But that's just the borrowing over the next decade. Privatization would cost an additional $3 trillion in its second decade, $5 trillion in the decade after that and another $5 trillion in the decade after that. By the time privatization started to save money, if it ever did, the federal government would have run up around $15 trillion in extra debt....

Posted by: anne at January 11, 2005 06:29 AM


Our host opines:

"And Stelzer is correct about wage versus price indexing: shifting to price indexing reduces the ratio of benefits to earnings most in those states of the world in which productivity growth is fastest and we are richest--hardly a feature of any optimal policy design."

This doesn't seem consistent; "hardly a feature" probably shouldn't follow follow from "is correct." Could he have meant "And Stelzer is INcorrect...?

Posted by: Jonathan Goldberg at January 11, 2005 06:30 AM


The next time someone makes the "t-bills are just IOUs" argument, they should be asked if they're willing to give me (or any reasonable person) all the t-bills in their portfolio for free.

Posted by: P O'Neill at January 11, 2005 06:31 AM


Are the T-bills we're talking about here the TED spread variety or are they special bills/notes that are issued specifically for social security which have noi function other than to exist in the social security fund? Do they have negotiability on the open market? If so, then they can be traded and should move with the markets; if not, then this is just a big shell game with the promissory notes in the trust fund evidence of a huge grand larceny on the part of the government.

Posted by: matt at January 11, 2005 06:38 AM


As long as the subject of raising the retirement age keeps coming up, let's talk about what that would mean for people whose work consists of hard physical labor, often with physical side effects that can be debilitating over a long period of time.

I never hear anyone discussing this, probably because the people debating it and most likely to write or influence the law on it themselves work mostly in offices where the hardest labor they encounter may be hauling a couple reams of paper, and the worst disabling injury may be carpal tunnel syndrome.

Getting to the average retirement age in one piece and still working can be a challenge to people who work in meat-packing plants, construction, domestic service, and similar work.
Many of these people are praying every day that their bodies will hold out. To move the retirement age even farther away from them is not only cruel, it is symptomatic of how alienated the governing and academic classes are from the people who create and support the infrastructures of their cushioned lives.

Posted by: Riggsveda at January 11, 2005 06:39 AM


Though I have read Irwin Selzer's article carefully, I find the article an attack on Social Security and not a defense. Part of the attack is even akin to an attack on health care or minimum wage legislation. Should we just say the heck with workers? Pay them whatever you wish at whatever poor benefits. Allow Social Security to end gradually. And, there we will have a splendid economy. Yuch!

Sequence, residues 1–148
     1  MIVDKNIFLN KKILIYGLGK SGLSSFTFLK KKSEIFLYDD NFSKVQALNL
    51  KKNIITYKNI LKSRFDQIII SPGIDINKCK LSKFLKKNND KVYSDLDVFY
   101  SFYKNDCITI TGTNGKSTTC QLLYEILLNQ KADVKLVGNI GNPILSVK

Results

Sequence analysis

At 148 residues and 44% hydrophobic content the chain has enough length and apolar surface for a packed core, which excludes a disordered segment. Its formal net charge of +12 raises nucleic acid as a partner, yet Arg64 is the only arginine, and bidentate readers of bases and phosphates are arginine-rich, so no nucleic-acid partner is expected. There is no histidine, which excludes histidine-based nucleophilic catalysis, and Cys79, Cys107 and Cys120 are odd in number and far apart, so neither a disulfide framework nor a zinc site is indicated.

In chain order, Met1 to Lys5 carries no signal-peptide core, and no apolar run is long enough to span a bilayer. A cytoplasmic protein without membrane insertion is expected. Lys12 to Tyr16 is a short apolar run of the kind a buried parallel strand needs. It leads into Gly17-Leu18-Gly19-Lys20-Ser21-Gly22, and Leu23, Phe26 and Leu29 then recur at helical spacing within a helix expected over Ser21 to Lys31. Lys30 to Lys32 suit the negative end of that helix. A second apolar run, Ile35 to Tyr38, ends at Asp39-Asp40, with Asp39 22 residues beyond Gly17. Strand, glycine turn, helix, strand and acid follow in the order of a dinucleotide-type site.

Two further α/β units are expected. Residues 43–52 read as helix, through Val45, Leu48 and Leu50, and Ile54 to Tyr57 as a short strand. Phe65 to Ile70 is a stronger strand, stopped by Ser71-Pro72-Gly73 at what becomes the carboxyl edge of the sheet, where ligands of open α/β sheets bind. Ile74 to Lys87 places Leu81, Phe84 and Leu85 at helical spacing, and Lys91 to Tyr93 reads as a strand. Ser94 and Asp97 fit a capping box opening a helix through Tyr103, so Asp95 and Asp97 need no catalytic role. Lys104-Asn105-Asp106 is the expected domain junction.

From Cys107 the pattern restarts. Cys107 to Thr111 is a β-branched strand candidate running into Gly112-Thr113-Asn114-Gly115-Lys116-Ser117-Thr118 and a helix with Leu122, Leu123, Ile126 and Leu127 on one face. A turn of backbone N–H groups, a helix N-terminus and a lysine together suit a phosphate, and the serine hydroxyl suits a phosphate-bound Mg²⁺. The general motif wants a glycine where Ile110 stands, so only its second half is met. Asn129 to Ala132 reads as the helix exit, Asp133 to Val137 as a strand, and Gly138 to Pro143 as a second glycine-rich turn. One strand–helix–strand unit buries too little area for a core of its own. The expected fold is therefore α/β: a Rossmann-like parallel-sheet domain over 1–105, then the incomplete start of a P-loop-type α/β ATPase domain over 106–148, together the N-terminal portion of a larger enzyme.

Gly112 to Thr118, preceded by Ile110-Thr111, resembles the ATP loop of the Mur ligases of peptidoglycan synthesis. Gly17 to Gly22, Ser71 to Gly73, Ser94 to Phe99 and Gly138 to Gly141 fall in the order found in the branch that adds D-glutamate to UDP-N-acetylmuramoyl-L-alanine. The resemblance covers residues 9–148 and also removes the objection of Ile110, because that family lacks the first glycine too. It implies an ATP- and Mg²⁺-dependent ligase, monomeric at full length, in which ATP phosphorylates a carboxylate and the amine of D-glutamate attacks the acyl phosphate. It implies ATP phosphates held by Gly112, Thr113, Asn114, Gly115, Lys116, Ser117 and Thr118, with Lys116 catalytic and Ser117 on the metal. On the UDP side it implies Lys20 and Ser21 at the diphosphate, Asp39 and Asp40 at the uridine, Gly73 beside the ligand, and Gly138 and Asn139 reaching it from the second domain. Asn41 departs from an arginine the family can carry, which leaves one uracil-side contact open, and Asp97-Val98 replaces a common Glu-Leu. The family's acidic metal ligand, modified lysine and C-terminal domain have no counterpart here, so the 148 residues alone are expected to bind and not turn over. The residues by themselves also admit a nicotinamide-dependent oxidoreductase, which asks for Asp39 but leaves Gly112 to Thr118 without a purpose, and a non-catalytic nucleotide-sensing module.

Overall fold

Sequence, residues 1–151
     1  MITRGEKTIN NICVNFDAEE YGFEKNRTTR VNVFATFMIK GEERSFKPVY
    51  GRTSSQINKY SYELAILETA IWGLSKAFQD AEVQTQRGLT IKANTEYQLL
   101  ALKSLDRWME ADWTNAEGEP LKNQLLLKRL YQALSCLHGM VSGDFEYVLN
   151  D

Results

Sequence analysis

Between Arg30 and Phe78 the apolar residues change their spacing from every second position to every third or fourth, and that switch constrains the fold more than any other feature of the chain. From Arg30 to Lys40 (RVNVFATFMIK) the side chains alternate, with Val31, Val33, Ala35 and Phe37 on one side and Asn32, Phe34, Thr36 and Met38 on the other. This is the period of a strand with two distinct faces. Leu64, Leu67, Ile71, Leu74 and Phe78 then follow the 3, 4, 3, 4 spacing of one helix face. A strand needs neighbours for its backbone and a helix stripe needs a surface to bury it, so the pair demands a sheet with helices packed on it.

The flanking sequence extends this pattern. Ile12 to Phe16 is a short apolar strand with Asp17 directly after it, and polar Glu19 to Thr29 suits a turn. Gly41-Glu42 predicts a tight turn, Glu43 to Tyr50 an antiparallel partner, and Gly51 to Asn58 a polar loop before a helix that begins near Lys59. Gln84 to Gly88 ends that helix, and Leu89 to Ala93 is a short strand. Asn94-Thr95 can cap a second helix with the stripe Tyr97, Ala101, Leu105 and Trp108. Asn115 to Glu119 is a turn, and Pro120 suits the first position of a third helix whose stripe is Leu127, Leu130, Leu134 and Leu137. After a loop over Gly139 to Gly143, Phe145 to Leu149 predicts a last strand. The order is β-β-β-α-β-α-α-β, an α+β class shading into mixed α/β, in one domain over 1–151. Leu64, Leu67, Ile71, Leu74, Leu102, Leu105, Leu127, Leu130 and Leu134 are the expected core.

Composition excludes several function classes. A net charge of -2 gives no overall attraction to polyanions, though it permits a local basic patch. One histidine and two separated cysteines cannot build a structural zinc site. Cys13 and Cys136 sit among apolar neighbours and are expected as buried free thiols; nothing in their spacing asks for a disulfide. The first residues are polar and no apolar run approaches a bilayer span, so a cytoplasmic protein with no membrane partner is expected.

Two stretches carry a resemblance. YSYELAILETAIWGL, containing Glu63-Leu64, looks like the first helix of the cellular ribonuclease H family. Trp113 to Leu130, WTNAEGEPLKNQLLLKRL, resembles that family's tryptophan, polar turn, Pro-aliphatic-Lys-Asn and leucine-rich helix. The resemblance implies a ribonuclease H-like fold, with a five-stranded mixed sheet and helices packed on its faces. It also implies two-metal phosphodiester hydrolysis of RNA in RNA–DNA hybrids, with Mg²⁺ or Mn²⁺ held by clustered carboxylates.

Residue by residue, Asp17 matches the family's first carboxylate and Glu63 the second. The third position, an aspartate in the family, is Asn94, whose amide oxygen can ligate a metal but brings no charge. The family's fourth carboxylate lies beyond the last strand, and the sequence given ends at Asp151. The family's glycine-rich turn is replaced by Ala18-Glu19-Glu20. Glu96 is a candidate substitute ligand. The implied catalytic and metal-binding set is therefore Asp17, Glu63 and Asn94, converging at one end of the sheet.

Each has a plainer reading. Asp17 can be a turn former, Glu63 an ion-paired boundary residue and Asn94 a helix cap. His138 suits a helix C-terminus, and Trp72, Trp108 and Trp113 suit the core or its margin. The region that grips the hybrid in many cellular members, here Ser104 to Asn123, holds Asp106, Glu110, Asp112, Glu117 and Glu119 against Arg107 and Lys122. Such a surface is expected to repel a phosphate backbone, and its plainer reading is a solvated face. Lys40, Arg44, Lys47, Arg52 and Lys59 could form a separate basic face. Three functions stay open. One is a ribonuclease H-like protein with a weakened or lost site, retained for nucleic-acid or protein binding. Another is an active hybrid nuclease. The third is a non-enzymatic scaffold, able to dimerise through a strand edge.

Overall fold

Posted by: anne at January 11, 2005 06:50 AM


"These taxes raise employers' cost of hiring by 6.2 percent, and reduce the employees' incentive to work by cutting their take-home pay."

Most people are missing the unspoken,long range goal of Bush's SS privatization,that is to eventually remove the businesses share of the payroll tax, not to make retirement more secure for workers. This is the "political capital that George Bush owes his business campaign donors.

Posted by: Dennyr at January 11, 2005 06:52 AM


"These taxes raise employers' cost of hiring by 6.2 percent, and reduce the employees' incentive to work by cutting their take-home pay."

Most people are missing the unspoken,long range goal of Bush's SS privatization,that is to eventually remove the businesses share of the payroll tax, not to make retirement more secure for workers. This is the "political capital that George Bush owes his business campaign donors.

Posted by: Dennyr at January 11, 2005 06:52 AM


"Also, don't you think any scheme that bases its payouts on monetary contributions penalizes stay-at-home parents? You'd think the family values gang would want to fix this -- provide a certain dollar amount that gets credited toward your Social Security contributions based on how many years you work as a stay-at-home parent."

Currently the system has two benefits to stay at home parents. The first is that if the breadwinner dies the children receive social security payments (usually collected by the parent who survives). The second is that a person can receive benefits for their spouse.

Imagine a widow who stays at home to raise the kids. She would receive SS benefits as the kids grow up. When she turns 65 she would be able to collect on her husbands behalf.

Social Security as it is currently set up now is very good to a traditional stay at home spouse.

Posted by: Boonton at January 11, 2005 07:22 AM


"It may be that this Social Security thing is just a "Stalking horse" What is really behind it?"

Management fees, and commissions as far as the eye can see for a financial services industry that was one of Bush's biggest sources of campaign funding.

There's already a steady drumbeat of 'these accounts are too small for to profitably manage' that sounds suspiciously like trolling for subsidies...

Posted by: Davis X. Machina at January 11, 2005 07:36 AM


LUSKIN ALERT!

http://www.nationalreview.com/nrof_luskin/luskin200501110842.asp

Posted by: The BatPhone at January 11, 2005 07:47 AM


I agree with most of your analysis. I do not like the idea of taxing imported oil, I would prefer taxing all oil. Taxing imported oil leads to using more domestic oil which is something that should be avoided.

Posted by: steve tafeen at January 11, 2005 08:19 AM


At the risk of blowing my own trumpet, may I invite people to read what I wrote on the area six years ago in an Australian context, well before it became fashionable? It's at http://member.netlink.com.au/~peterl/publicns.html#NWKART4. That article was accepted for publication, though the follow up article wasn't.